1947. Garbed in immaculate blue and white with matching improvised tiara of the Virgin Mary on her head, Anghela Sta. Ana (Rhed Bustamante) is a doer of miracles. The townsfolk come to her to seek supernatural treatment for their many physical ailments. They treat her as a living saint. Father Ricardo (Neil Ryan Sese) is sent by the Catholic Church to investigate. He believes the key to proving that the child is a false prophet is by exposing the dubious past of Sister Cecilia (Phoebe Walker), the mysterious nun who accompanies the girl wherever she goes. Young deacon Miguel (Ronnie Alonte) enters a retreat house with three other ministers to undergo seven days of seclusion, the final step required before they are fully ordained as priests. When Anghela’s parents are murdered, she seeks refuge and is reluctantly accepted at the same retreat house, causing complications to the already overwhelming torment the four young men must deal with to prove the strength of their faith.
Bustamante was one of only four actresses contending for the top acting award, which eventually went to Irma Adlawan. There is reason to believe that she was the dark horse. As the devil incarnate herself, this kid is so believably sinister, she will send chills down your spine. We aren’t even talking about hysterics or CGI here. The girl only needs to cast one ominous stare at you to send you running back home to mommy. Equally alluring is Walker’s enigmatic Sister Cecilia. You know that there is something off about her, and as the demons of her past begin to surface by virtue of Father Ricardo’s investigation, the perverted fascination grows even stronger.
Alonte’s Miguel is just as bad as his James in his other MMFF entry. Once again, his mediocre performance is saved by his co-actors. The intensity of Bustamante’s bravura performance easily overshadows his, as if he wasn’t in the scene at all. In the end, though, the girl amazes you enough to forget his involvement. However, it also highlights this very pitfall. The gravitas is just not there. Tolerable as it may seem, you will end up thinking how the role could have been given more justice in the hands of a more capable actor.
The film has been criticized for its paper-thin story, and there are many times when nothing seems to make sense. Sometimes, that’s not necessary. After all, film is still considered art, right? At times, it just needs to be visually impressive. The muted sepia tones involved in the cinematography don’t just help in establishing the 40’s setting but also contribute a lot to the vivid imagery characteristic of Erik Matti’s movies. There is a multitude of scenes that you can freeze in your head, producing some striking stills that could have easily blended in at some random museum. For some people, this one hell of a visual feast will suffice to turn a blind eye to whatever the storyline may lack.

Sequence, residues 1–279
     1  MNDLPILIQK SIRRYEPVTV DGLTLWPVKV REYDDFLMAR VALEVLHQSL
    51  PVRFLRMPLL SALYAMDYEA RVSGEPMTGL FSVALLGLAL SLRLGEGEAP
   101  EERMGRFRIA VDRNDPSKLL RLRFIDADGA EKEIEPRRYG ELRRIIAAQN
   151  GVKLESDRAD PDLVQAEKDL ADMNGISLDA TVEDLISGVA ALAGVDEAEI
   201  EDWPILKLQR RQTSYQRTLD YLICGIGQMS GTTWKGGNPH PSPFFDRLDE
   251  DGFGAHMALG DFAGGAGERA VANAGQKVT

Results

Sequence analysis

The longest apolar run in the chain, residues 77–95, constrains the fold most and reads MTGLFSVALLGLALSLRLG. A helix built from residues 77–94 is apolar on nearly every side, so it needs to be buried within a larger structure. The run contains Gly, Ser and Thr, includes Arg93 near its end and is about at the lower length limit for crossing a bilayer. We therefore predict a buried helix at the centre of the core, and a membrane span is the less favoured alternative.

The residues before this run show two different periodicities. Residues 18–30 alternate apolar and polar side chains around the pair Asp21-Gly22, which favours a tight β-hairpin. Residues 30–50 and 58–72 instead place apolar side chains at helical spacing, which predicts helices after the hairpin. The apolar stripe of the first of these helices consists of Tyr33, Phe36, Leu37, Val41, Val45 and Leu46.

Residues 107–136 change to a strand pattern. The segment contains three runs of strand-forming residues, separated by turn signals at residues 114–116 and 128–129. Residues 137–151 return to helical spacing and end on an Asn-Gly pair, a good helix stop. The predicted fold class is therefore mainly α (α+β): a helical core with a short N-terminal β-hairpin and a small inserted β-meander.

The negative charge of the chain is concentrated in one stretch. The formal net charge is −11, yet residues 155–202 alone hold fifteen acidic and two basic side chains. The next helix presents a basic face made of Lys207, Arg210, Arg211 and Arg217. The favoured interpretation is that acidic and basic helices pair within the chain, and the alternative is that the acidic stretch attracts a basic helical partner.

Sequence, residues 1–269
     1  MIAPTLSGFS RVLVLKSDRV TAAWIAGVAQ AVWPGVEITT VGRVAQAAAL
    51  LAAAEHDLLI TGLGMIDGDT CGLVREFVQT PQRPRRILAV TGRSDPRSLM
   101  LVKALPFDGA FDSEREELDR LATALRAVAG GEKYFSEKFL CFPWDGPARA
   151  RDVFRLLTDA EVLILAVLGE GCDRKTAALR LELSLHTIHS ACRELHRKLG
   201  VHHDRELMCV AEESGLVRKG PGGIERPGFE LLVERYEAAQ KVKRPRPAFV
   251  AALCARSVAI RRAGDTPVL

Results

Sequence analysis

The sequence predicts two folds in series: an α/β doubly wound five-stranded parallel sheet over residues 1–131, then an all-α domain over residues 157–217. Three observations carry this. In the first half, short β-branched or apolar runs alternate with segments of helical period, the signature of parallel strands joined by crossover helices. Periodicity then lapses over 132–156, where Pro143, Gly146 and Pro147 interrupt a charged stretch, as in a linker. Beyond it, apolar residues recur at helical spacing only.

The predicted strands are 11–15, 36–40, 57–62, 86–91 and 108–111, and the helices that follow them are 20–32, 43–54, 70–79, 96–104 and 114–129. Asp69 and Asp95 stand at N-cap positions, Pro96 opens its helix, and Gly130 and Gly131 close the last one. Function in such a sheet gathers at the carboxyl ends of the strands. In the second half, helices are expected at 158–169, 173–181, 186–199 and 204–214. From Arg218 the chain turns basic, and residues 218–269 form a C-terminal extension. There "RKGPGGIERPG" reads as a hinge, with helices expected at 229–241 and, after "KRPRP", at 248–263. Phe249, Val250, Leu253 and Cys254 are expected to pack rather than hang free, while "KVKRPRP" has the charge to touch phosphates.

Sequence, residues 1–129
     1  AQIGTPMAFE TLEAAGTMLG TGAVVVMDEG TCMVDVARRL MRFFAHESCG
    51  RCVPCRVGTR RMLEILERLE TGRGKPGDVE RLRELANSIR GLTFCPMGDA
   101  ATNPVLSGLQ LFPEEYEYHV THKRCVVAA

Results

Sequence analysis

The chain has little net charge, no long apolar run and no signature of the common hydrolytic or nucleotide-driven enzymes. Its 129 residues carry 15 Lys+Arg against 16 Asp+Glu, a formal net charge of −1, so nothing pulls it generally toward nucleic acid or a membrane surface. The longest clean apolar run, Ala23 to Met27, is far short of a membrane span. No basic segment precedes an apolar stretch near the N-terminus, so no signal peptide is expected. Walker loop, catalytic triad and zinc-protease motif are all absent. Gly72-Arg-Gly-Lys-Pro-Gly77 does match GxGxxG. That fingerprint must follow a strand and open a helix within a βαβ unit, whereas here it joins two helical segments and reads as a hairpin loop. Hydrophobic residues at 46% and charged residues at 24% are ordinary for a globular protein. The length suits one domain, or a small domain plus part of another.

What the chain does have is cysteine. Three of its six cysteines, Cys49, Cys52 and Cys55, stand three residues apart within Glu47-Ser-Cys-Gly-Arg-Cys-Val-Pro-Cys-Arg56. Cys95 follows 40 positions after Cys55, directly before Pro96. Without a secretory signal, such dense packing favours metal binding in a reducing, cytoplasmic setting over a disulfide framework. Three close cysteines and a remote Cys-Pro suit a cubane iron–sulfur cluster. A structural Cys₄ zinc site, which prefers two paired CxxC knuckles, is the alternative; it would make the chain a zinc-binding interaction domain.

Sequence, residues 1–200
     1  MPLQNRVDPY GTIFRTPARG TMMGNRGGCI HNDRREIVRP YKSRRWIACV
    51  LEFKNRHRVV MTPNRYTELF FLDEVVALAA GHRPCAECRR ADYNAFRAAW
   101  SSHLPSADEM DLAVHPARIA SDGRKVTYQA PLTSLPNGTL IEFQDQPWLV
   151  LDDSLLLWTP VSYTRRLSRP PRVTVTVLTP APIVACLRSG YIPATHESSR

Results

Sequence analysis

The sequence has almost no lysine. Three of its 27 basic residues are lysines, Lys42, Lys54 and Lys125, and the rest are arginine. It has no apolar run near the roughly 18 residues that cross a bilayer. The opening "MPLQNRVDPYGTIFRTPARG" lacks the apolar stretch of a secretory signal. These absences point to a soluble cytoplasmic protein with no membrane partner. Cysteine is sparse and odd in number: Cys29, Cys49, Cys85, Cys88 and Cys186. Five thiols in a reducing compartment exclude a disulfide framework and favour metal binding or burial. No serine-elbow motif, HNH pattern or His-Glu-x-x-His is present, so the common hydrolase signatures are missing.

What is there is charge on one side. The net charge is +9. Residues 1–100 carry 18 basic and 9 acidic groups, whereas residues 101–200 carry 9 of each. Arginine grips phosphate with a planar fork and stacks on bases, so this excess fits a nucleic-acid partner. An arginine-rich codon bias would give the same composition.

In terms of social relevance, the film explores the prevalence of religion and superstition in Philippine society, most of the time blurring the line between the two concepts. Filipinos have always relied on such abstractions to make sense of their everyday life. While Seklusyon is a case study grounded on the past, one cannot deny the persistent influence that the church still enjoys in today’s daily affairs.
Another interesting point of discussion is how Christianity seems to be one of only few religions in the world whose icons and statues can be used to induce fear. What is it with sculptures of Mama Mary and Jesus Christ that make them menacing? It’s kind of weird like that. In fact, one of the visions of the young deacons here is that of the Virgin Mary chasing him around while spouting profanities at him. You know there’s something wrong with you when you are being pursued by such a perverted hallucination. But these can all be dismissed as the musings of a disturbed mind, blamed on religion for the sake of convenience. The resulting visual experience might not be that cerebral, but it sure is distracting. Perplexingly distracting.